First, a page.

Qualifying Recognised Overseas Pension Scheme QROPS

Published / Last Updated on 27/10/2014

Video explains the basics of international pension transfers from a UK pension to an overseas QROPS Qualifying Recognised Overseas Pension Scheme.


“Hello again.  Subject for the video today is QROPS.  QROPS: qualifying recognised overseas pension scheme, a QROPS. [So] qualifying recognised overseas pension scheme: international pension scheme.

In very simplistic terms: you may have built up pension rights in the United Kingdom, you may have worked in the United Kingdom, you may be a foreign national, having worked in United Kingdom and then returned to your homeland ; whether that’s Europe,  United States, Australia or wherever it might be. The alternative is you are a British national that is now living or working overseas and you're no longer in the country.

Now what HMRC introduced via statute, was the ability to transfer your pension rights overseas to an approved pension scheme in the country that you are living or indeed another international pension scheme. So QROPS fall into basically two categories:

  1. The first category is pension schemes that have been approved in the country that you live in. for example: you’re a US national and you've moved back to the US then maybe US 401(k)’s or US IRAs that have been approved by the UK HMRC, Her Majesty's Revenue and Customs,  to transfer UK pension rights to an approved pension scheme in the United States or likewise the same in Australia or New Zealand or wherever it might be. [Where] in Australia for example, we have the ‘super’ schemes, superannuation.  “Supers!  Everybody’s got a super”.  So, you’ve built UK pension rights, you have moved back home or if you are a British national you’ve moved to the States, Australia, New Zealand, France, Germany, Spain, Italy, wherever it might be.  You can transfer your UK pension rights to an approved pension scheme in the country that you live in.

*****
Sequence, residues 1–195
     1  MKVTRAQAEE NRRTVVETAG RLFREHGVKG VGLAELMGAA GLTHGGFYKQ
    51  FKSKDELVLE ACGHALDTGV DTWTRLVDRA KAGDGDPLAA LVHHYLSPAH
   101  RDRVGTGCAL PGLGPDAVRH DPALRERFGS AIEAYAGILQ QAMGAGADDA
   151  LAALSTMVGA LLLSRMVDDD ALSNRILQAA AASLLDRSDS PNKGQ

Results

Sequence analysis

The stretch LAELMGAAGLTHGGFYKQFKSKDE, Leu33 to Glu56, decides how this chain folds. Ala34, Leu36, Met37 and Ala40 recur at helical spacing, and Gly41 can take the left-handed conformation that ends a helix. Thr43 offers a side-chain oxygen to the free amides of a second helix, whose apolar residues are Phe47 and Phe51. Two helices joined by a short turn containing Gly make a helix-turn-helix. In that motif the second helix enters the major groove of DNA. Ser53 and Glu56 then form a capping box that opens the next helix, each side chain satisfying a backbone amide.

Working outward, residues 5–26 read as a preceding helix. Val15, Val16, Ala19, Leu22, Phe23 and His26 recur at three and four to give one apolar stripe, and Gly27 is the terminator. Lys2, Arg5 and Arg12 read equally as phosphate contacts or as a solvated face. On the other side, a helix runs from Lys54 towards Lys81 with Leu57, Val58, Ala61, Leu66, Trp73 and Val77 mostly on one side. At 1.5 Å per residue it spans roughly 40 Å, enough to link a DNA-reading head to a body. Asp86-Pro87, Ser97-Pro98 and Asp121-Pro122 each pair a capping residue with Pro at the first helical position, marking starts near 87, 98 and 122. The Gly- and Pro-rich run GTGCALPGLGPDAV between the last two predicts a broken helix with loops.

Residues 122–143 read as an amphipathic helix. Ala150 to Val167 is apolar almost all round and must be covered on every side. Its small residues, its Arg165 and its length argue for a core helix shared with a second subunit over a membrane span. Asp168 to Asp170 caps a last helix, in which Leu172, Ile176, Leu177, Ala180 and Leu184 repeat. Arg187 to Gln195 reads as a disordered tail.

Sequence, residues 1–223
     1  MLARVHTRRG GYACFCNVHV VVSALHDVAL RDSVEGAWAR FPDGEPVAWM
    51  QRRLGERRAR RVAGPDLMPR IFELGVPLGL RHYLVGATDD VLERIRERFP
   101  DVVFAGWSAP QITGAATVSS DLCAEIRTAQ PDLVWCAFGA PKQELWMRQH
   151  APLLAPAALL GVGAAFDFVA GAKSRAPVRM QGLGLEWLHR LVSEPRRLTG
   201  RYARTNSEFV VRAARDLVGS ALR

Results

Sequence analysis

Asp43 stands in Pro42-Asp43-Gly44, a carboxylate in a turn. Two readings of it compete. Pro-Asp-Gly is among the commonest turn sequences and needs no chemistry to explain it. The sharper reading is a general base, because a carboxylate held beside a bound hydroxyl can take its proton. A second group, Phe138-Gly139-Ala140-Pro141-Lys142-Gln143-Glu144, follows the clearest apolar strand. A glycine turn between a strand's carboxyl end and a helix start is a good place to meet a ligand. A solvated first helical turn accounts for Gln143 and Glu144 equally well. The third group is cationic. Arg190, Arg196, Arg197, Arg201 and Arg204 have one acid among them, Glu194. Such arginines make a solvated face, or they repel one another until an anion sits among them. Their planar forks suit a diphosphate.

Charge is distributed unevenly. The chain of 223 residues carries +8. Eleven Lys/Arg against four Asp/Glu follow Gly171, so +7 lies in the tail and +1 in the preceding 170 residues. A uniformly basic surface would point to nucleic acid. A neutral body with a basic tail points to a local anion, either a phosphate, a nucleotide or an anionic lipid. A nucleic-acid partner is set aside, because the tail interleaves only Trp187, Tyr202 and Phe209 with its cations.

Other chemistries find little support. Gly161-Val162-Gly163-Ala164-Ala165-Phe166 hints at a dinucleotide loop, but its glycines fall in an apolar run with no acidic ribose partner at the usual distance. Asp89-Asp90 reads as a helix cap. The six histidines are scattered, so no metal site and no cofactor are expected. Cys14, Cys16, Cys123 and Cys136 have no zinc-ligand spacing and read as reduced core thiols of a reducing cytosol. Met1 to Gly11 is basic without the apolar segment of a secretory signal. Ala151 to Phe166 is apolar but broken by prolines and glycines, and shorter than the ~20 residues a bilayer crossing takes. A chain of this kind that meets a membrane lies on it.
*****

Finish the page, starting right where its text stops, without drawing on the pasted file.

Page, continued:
HMRC produces, online, an approved list of all of the schemes that are approved in the US or Australia or wherever.  So your pension rights that you’ve built up in the UK aren't necessarily dead and buried and you have to leave them in the UK you can transfer them overseas.

  1. Alternatively, there are, let’s just call them offshore jurisdictions, the likes of the Isle of Man, Gibraltar even Malta they all offer approved QROPS schemes.  So it may be that you've retired or you live in Spain and you wish to transfer your pension, your UK pension, to an approved Malta pension scheme or Gibraltarian pension scheme.


So those are your options. Now it used to be very popular to move UK pension rights to particularly the offshore jurisdictions, to move your pension scheme offshore, when you’ve moved overseas because of the death benefits.  In very simplistic terms, in the UK your pension rights were:

  • you can have a 25% lump sum from your pension fund,  just because that's tax free in the UK doesn't mean it's tax-free where you live but 25% as a lump sum and
  • the balance, to provide you with an income whether that income is the in the form of an annuity or whether that income is in the form of a drawdown scheme, drawing down pensions from pension income, from the fund.

Now on death, let say for drawdown in a UK pension scheme, there was a tax charge of 55%. So a lot of expats moved their pension schemes offshore and indeed still continue to think about doing that, because if they've moved it let's say to Malta to an approved scheme there; then you don't get caught by that 55% tax charge on death if you're using some form of drawdown.